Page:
I recently listened to Listen, Slowly by Thanhhà Lại on audio, a middle-grade novel about culture clash set in Vietnam that kept me captivated.
Twelve-year old Mai has Vietnamese parents, but she was born in southern California and goes by Mia at school. Her family may be Vietnamese, but Mia is 100% California girl. She’s looking forward to spending the summer at the beach with her best friend, Montana, and working up the courage to talk to Him, the boy she secretly has a crush on. Her plans for the perfect summer are ruined when her parents tell her she must accompany her grandmother to Vietnam.
For 40 years, Mai’s grandmother has been searching for information on what happened to her beloved husband during the Vietnam War. Finally, a private detective says he has information for her, but she must come in person. Mai’s father travels to Vietnam every summer, but he’ll be busy doing pro bono surgery for kids with cleft palates, so it is up to Mai to accompany her grandmother to her home village to discover what happened to her grandfather all those years ago.
As you can imagine, Mai is not at all happy about this turn of events. She tells herself she will help her grandmother find out what happened as soon as possible, then be on the next plane back to California to recover what is left of her summer. Life in the small rural Vietnamese village is more different and strange than Mai could ever have imagined.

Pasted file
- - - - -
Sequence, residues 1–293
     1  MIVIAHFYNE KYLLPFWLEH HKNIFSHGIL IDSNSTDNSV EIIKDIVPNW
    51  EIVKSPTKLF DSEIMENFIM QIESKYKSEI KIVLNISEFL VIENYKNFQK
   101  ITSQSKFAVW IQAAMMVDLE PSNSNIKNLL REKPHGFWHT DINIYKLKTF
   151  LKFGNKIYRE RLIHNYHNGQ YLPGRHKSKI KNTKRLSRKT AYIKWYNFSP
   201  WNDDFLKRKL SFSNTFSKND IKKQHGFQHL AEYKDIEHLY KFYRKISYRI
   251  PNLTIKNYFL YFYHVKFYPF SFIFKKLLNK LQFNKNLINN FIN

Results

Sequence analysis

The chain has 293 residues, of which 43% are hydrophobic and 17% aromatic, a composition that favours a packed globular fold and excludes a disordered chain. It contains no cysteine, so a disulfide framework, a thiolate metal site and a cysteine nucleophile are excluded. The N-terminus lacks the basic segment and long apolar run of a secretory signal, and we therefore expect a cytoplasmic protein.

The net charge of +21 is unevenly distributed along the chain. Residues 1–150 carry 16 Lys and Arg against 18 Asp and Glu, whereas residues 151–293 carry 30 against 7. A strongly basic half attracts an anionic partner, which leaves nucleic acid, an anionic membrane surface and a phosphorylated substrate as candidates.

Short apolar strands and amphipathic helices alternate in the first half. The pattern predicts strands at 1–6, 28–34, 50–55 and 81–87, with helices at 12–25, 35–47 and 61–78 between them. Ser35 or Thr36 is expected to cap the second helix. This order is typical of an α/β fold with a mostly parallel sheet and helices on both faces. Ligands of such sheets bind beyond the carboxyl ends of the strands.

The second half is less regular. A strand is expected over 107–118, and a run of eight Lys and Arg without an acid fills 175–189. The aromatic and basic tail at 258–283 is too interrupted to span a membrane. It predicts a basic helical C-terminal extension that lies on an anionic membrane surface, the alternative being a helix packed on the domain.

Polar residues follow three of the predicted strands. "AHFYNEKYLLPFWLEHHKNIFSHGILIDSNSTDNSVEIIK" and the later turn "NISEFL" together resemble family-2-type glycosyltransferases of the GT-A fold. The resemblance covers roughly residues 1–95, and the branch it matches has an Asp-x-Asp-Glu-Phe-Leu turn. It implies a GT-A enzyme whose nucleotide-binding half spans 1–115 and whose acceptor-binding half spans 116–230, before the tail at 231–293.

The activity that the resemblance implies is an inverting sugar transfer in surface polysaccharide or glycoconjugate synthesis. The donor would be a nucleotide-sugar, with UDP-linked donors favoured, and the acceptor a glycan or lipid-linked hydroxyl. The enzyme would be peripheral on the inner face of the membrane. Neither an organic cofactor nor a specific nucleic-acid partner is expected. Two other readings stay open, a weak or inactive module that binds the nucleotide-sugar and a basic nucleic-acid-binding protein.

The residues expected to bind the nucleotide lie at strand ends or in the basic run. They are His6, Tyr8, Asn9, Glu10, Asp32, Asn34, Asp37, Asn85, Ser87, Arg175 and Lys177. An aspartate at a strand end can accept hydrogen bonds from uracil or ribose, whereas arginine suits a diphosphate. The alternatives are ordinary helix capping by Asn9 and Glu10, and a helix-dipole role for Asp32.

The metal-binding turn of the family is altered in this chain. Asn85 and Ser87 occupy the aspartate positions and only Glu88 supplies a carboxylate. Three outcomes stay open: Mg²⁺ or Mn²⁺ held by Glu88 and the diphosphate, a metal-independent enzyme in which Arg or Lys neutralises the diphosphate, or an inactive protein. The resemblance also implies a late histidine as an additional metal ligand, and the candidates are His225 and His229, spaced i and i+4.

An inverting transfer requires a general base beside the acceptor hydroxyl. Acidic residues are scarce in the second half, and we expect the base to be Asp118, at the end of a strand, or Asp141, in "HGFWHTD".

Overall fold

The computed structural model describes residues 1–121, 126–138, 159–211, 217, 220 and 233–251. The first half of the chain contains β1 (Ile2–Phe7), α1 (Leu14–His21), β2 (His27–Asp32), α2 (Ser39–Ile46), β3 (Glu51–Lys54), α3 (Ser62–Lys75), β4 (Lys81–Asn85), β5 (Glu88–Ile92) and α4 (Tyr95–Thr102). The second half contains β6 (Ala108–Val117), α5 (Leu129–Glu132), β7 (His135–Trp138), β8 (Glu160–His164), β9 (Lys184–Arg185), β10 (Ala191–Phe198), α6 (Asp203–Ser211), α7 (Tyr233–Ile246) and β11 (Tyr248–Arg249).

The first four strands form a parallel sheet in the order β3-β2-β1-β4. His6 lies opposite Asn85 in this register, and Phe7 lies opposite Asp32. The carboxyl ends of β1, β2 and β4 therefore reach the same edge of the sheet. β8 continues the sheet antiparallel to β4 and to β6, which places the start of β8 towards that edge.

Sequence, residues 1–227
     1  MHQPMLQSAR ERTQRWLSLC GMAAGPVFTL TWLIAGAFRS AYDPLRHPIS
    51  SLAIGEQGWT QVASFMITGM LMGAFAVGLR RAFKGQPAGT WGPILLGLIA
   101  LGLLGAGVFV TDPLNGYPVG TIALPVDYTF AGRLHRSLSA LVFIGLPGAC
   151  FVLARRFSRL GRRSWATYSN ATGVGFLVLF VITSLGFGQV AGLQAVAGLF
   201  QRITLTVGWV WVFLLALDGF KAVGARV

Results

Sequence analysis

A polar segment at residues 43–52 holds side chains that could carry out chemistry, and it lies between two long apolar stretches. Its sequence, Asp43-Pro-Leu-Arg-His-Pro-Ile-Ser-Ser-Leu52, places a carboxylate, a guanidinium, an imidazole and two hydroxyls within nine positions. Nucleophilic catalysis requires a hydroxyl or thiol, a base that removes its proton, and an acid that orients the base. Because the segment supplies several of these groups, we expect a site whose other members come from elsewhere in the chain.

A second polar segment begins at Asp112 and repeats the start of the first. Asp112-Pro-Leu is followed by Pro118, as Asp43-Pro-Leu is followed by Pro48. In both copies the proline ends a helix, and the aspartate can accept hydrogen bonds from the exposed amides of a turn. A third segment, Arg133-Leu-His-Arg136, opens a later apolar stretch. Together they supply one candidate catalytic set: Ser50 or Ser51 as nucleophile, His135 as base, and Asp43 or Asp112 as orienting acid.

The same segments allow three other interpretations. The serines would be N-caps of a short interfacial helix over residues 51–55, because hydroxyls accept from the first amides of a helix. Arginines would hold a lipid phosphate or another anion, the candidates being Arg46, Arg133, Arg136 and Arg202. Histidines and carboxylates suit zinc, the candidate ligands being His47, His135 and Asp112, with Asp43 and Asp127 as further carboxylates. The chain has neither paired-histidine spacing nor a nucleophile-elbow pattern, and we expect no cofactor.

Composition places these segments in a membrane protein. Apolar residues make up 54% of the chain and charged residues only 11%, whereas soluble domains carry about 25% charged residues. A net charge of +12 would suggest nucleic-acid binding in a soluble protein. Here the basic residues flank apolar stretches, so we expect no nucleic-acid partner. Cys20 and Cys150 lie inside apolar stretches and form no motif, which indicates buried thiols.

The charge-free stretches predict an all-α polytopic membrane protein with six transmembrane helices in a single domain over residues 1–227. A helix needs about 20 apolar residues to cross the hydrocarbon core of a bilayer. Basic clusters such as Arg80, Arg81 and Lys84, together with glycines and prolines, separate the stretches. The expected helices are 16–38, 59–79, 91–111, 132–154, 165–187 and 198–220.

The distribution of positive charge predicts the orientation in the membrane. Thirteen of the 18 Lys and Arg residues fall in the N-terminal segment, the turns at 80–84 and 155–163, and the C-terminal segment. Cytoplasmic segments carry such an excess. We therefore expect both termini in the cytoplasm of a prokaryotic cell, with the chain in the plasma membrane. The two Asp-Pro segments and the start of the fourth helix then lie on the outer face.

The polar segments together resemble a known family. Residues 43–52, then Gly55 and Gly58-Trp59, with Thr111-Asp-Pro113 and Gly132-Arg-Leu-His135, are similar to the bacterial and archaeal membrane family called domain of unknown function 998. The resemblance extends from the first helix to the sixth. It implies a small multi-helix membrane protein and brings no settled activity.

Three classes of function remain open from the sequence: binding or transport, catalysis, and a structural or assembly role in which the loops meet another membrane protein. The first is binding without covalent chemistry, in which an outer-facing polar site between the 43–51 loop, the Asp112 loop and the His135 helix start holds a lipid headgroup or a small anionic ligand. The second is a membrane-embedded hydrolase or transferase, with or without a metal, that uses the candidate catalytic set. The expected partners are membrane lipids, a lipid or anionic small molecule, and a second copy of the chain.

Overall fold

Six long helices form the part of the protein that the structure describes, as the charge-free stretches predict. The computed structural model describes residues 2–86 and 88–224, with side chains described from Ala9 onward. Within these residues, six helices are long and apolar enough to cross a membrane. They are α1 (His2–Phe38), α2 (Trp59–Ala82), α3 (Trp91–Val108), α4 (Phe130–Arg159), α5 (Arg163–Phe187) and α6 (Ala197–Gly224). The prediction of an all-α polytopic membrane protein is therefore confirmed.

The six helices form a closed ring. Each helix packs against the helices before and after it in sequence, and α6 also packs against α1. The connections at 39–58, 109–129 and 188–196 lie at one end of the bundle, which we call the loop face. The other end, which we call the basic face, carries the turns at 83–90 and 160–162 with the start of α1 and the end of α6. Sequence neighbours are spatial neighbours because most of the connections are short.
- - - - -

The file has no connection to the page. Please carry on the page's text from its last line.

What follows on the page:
It is hot, humid, and very buggy in her grandmother’s village. The air is filled with weird smells, and Mai is surrounded by family she’s never met, and she can’t understand what anyone is saying. Worst of all, there is limited electricity and no internet!
Mai is sulky to begin with, thinking only of getting back to California as fast as possible. Slowly, though (very slowly!), she begins to adjust to the new culture, remembering bits of Vietnamese she learned as a child, recovering some of the closeness she used to share with her grandmother, and even getting to know some of her new-found cousins. She and her cousin even find an internet café in a nearby town. Meanwhile, Mai is getting impatient with how long the detective is taking to provide any solid information to her grandmother.
This novel is a feast for the senses, immersing the reader in life in Vietnam, both in the rural village and, later, in the big cities that Mai visits. It is absolutely spectacular on audio, with Vietnamese words and phrases sprinkled in so that it feels very authentic. But this isn’t just about the exotic setting. The mystery of what happened to Mai’s grandfather adds suspense to the story, while Mai’s adventures and growth create a believable, compelling, and sometimes funny coming-of-age story. Add to that the historical backdrop of the Vietnam War and the exotic setting, and you have a full, rich, engaging novel that is captivating from beginning to end.
NOTE: Though this novel was written for middle-grade readers, its quality and complexity will be equally enjoyed by teens and adults.